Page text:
For those of us not adept at wizardry, invisibility cloaks seemed a far-fetched notion relegated to the likes of fairy tales and children's books. But this month UC Berkeley announced it had made progress on an invisibility cloak...kind of. Previous attempts at concealment have come in the form of metamaterials that essentially redirect light around an object, but the applications were targeted more for industrial and science uses, such as making more efficient satellite communication.
But the UC Berkeley research is a step in a different direction. The cloak "conceals a three-dimensional arbitrarily shaped object by complete restoration of the phase of the reflected light at 730-nanometer wavelength," but at the moment the size of the cloak is limited to about 1,300 square microns (roughly .001300000 square millimeters).
A rendering of light being redirected by nanoantennas.
The cloak works by relying on the way the human eye detects objects: essentially, we "see" by analyzing light. Our eyes evaluate objects and colors based on the way light bounces off them. The engineers at Berkeley comprised their cloak of nanoantennas that manipulate light distortion to trick the mind into believing the object being concealed is a flat surface rather than a protruding object (more on nanoantennas and their properties here). It's a small step in the right direction, and scientists hope that eventually the technology can be applied to larger objects and eventually everything from concealing people to hiding aircraft.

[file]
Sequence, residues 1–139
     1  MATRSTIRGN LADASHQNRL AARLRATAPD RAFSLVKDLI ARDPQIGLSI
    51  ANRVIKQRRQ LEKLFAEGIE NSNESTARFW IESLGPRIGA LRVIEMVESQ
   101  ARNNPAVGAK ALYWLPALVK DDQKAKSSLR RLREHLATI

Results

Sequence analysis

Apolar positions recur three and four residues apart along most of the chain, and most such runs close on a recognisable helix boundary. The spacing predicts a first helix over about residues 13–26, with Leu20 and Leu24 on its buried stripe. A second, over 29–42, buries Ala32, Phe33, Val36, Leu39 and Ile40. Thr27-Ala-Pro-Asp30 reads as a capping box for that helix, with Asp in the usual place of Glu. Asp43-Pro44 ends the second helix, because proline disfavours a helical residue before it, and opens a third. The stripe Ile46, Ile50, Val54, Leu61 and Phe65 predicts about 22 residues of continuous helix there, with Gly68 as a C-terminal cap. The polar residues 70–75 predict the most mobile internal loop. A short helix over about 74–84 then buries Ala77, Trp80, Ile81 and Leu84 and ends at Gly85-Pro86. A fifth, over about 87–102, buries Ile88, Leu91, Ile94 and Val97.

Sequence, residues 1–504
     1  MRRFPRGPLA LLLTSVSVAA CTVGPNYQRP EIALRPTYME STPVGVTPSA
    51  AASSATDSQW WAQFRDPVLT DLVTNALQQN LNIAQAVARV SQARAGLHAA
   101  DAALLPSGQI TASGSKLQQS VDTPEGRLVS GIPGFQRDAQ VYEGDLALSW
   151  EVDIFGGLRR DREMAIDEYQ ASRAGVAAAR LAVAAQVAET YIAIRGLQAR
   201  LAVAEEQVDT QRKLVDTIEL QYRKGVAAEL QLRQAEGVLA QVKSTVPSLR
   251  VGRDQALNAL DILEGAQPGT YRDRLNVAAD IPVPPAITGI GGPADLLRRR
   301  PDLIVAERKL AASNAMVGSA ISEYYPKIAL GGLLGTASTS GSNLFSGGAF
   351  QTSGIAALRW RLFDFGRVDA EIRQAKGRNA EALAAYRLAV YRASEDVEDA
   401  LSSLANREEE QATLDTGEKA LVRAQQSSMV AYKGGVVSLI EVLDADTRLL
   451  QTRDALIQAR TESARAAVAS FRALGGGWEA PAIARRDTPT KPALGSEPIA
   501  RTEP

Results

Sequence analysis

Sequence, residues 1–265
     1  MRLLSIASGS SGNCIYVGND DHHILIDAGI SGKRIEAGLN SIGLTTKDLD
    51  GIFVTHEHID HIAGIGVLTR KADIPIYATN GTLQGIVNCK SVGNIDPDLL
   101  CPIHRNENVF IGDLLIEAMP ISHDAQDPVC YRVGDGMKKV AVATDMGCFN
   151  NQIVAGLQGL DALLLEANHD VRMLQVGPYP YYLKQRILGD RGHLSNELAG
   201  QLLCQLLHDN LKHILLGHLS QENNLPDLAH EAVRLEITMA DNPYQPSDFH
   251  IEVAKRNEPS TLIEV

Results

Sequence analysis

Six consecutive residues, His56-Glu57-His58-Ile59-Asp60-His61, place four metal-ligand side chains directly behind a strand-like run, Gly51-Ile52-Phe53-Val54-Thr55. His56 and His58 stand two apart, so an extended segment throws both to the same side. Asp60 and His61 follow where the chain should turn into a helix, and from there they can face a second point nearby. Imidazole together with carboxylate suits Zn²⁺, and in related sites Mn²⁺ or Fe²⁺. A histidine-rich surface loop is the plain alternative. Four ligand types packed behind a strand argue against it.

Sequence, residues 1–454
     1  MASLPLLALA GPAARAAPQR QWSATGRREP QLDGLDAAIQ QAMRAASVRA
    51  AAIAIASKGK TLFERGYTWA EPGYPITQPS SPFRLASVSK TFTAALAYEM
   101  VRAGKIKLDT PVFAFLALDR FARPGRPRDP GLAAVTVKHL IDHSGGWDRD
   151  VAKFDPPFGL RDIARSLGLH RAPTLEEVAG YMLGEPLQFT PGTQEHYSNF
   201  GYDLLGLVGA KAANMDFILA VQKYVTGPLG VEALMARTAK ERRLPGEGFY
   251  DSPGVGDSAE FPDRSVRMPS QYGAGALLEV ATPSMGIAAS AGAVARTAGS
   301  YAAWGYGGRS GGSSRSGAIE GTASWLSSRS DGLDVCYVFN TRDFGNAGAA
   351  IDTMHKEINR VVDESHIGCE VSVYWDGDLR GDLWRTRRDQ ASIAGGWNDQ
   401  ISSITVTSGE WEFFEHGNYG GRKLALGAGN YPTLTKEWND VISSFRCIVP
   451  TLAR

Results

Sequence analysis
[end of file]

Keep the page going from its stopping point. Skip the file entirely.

Interestingly enough, the technology can also work in reverse, making flat objects seem multi-dimensional. It could go a step beyond holograms, making objects that genuinely appear solid instead of a Princess Leia-like mirage.
There's still quite a bit of work to do and scientists estimate they're still at least a decade off from making anything resembling Harry Potter's famous cloak, but at least now that option is a definite possibility.